Kosovo’s president on Monday denied committing war crimes during and after a 1998-1999 armed conflict between ethnic Albanian separatists and Serbia, and said he would resign if an indictment against him is confirmed.
Last week, a special prosecutor’s office said it had indicted President Hashim Thaci, former parliamentary speaker Kadri Veseli and others for murder, enforced disappearances, persecution and torture.
The Kosovo Specialist Chamber was set up in The Hague in 2015 to handle cases of alleged crimes by Kosovo Liberation Army (KLA) fighters during the war that led to Kosovo’s independence from Serbia a decade later.
“I may have made political mistakes in peace, but war crimes, never!” Thaci said in a televised address.
Thaci and Veseli were among the ex-top commanders in the KLA. Veseli also has denied all the accusations.
Thaci was travelling to Washington, DC in the United States for the discussions when the indictment was announced.
“I do not know whether it was chance or intrigue that, midway toward the White House, the notification for an unconfirmed indictment was released,” he said.
Thaci said the meeting being called off was “a strong blow to the opportunity of achieving peace between Kosovo and Serbia”.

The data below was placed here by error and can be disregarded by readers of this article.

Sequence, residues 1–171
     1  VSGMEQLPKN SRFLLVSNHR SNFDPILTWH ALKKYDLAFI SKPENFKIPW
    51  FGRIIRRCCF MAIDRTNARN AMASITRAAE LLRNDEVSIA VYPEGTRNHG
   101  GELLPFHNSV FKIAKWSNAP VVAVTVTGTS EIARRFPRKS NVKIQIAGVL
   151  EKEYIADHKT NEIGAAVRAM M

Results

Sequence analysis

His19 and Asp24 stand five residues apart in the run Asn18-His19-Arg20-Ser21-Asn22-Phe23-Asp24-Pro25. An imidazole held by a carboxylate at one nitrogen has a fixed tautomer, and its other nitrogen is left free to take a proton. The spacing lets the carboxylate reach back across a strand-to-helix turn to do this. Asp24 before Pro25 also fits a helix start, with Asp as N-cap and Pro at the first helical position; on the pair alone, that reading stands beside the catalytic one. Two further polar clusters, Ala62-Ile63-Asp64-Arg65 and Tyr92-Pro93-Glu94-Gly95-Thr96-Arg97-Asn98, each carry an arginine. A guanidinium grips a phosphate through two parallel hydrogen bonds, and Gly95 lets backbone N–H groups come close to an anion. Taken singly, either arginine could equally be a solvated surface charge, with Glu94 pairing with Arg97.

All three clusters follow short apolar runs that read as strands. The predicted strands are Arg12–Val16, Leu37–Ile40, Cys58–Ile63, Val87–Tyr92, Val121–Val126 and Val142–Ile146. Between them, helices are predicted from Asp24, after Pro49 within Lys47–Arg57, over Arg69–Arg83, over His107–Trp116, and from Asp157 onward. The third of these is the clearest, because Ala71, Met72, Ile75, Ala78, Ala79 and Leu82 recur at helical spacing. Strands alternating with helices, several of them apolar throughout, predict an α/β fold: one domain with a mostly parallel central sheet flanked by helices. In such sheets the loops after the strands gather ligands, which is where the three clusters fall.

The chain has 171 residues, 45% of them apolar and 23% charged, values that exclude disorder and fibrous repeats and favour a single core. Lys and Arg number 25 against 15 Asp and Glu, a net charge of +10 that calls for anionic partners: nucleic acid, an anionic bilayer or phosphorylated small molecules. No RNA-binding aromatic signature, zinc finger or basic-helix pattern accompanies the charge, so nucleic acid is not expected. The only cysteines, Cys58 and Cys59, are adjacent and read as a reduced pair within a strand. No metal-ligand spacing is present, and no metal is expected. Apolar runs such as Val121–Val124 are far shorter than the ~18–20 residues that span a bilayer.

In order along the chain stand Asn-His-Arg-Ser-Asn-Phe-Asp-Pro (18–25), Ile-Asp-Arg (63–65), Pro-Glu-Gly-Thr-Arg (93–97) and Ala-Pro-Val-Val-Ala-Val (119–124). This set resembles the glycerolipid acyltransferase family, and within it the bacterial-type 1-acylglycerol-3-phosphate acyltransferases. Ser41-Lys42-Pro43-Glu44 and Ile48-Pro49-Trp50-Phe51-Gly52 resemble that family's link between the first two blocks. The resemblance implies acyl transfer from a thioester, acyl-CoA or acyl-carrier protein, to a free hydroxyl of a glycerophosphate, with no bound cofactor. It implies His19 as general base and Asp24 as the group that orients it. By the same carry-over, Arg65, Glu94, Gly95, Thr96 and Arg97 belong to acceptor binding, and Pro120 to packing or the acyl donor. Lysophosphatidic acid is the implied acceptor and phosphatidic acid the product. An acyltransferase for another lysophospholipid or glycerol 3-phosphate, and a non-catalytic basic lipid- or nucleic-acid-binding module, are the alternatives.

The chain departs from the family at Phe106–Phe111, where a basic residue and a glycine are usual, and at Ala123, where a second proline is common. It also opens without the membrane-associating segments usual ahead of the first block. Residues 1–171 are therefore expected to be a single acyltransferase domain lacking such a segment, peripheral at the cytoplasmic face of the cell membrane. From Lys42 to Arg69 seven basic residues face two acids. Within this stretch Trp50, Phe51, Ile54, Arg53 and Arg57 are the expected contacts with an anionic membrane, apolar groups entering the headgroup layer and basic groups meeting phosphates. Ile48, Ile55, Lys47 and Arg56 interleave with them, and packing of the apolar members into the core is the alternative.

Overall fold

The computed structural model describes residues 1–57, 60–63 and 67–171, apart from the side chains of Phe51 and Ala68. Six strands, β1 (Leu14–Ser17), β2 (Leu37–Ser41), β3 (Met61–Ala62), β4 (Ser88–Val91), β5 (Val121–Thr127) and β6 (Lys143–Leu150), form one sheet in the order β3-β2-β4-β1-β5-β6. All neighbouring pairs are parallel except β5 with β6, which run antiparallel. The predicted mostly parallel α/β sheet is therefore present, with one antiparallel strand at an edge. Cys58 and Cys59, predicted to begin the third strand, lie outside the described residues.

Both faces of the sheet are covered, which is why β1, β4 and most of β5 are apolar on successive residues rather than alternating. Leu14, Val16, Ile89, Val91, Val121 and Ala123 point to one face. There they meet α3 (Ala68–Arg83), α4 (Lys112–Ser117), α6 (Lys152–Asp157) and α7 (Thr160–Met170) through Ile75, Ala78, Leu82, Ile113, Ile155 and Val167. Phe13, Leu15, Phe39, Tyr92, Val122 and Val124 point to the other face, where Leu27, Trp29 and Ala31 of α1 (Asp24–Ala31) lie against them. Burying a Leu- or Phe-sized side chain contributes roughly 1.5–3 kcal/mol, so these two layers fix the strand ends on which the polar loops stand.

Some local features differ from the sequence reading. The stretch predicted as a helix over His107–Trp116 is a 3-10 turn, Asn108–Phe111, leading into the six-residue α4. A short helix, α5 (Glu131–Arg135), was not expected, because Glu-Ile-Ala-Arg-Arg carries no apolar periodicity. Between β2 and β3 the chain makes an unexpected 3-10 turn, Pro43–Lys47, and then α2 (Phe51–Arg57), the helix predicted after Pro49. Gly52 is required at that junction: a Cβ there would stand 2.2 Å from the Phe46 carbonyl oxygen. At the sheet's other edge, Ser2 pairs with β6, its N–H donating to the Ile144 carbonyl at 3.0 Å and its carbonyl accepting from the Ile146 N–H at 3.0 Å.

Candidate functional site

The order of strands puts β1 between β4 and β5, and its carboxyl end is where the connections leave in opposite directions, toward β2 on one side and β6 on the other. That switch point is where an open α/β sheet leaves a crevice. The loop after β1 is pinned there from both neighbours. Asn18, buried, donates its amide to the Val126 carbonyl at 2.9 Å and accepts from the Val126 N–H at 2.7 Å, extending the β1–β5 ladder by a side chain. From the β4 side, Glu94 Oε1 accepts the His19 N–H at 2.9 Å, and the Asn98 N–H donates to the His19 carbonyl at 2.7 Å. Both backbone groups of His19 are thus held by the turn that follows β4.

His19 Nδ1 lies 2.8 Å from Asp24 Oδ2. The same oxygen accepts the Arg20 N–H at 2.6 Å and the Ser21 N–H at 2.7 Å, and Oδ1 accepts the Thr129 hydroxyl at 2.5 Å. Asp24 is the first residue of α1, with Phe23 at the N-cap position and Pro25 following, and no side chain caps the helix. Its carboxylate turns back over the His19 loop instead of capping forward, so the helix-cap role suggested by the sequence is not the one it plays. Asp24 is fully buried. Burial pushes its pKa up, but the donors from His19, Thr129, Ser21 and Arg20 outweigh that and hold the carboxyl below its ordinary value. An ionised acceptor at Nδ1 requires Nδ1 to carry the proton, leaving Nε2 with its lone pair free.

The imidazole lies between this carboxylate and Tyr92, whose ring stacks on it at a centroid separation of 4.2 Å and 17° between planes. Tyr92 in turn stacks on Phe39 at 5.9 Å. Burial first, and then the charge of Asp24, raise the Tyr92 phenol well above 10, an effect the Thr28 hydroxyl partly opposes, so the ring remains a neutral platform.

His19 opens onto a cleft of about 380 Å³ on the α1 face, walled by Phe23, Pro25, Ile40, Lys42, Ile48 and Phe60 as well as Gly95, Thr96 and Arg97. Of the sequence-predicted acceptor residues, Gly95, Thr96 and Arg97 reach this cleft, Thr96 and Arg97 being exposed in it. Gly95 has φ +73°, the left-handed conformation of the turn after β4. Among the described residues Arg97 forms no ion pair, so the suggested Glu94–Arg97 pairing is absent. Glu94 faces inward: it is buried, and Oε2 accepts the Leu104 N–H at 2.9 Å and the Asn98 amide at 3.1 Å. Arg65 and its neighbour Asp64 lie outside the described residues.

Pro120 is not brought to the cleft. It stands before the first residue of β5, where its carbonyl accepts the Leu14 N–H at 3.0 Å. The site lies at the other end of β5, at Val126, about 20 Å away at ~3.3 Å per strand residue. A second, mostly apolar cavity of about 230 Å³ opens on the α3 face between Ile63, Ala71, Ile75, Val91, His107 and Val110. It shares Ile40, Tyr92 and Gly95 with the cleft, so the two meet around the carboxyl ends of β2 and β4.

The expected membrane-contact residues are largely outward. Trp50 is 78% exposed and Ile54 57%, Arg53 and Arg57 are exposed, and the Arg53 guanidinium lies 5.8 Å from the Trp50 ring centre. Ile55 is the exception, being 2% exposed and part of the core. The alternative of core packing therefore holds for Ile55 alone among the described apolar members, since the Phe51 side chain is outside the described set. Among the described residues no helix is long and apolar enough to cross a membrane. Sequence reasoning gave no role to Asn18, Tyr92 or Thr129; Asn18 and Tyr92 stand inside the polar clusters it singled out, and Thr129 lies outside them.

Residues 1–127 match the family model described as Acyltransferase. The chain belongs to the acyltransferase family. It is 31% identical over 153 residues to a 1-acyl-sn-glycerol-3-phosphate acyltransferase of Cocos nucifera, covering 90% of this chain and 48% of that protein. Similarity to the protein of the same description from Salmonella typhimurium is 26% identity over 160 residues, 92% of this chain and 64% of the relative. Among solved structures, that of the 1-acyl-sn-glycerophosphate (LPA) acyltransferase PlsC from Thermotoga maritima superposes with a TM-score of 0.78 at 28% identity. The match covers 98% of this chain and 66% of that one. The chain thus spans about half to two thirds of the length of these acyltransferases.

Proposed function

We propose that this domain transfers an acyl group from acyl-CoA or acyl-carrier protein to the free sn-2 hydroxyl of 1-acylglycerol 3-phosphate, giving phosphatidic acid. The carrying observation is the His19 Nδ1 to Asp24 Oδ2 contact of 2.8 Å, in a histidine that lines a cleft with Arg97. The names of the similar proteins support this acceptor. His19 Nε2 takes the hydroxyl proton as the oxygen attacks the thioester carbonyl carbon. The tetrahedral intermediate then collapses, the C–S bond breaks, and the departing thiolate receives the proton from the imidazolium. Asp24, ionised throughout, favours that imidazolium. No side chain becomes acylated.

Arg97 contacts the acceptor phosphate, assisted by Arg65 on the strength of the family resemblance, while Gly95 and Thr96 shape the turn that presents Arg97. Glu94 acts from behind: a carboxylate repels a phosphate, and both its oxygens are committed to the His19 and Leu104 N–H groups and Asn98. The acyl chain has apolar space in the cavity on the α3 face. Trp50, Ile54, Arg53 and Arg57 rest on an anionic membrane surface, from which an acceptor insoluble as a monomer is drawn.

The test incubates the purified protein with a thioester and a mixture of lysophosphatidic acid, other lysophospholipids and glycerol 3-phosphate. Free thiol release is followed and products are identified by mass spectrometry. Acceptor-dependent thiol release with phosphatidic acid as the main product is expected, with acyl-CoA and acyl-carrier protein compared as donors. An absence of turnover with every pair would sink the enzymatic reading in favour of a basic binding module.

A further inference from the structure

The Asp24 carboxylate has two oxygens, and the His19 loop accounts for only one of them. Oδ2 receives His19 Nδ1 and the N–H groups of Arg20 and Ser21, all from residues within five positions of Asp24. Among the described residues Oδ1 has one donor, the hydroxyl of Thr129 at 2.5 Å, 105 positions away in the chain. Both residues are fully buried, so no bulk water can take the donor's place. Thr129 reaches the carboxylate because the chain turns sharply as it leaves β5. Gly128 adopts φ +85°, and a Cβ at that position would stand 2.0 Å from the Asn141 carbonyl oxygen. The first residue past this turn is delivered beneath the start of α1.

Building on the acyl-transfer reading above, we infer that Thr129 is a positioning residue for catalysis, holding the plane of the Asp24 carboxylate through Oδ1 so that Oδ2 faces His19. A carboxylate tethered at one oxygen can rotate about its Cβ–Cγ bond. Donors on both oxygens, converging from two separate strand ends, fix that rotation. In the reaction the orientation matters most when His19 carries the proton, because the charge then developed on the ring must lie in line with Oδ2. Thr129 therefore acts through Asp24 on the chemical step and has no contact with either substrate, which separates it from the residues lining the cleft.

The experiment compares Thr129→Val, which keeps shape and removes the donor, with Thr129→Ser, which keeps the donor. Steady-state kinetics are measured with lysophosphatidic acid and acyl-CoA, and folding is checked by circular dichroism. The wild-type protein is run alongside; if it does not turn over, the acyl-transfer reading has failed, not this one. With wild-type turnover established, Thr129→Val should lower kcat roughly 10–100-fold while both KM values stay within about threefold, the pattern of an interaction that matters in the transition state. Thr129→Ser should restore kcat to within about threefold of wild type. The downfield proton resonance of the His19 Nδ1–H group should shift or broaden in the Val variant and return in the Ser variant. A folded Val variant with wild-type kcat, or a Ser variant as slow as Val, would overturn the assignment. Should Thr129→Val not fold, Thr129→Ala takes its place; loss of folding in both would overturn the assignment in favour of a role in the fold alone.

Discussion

Decision in months
A judge will now take several months to decide whether the cases built by the special prosecutor’s office are strong enough to put Thaci, charged with nearly 100 murders, and the others on trial.
“I assure you [citizens] again, I will not face justice from this office,” Thaci said. “If the accusation is confirmed, I will immediately resign as your president and face the accusations.”
The Specialist Chamber is governed by Kosovo law, but is staffed by international judges and prosecutors.
War crimes allegations against the KLA first surfaced in a 2011 report by the Council of Europe rights agency that accused fighters of killing civilian Serbs and ethnic Albanian political opponents during the 1998-99 conflict.
Local efforts to investigate alleged KLA war crimes have so far been foiled by widespread intimidation in the tiny state, where clan loyalties run deep and former rebels are lionised.
The special prosecutor’s office is based in the Netherlands partly to help ensure the protection of witnesses.